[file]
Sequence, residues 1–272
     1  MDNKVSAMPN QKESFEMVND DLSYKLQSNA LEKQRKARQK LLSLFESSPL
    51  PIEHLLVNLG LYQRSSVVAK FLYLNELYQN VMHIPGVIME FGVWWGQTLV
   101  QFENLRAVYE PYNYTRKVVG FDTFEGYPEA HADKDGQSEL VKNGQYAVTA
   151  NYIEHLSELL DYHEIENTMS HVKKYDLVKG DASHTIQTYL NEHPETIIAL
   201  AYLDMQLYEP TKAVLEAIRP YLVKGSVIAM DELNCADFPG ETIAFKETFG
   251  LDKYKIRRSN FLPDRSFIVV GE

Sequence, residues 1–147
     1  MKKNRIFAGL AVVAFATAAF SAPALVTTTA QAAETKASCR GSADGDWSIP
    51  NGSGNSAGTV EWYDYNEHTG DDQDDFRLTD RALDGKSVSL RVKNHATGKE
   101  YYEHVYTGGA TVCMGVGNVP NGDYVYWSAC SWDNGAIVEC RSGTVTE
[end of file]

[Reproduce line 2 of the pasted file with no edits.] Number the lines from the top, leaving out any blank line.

     1  MDNKVSAMPN QKESFEMVND DLSYKLQSNA LEKQRKARQK LLSLFESSPL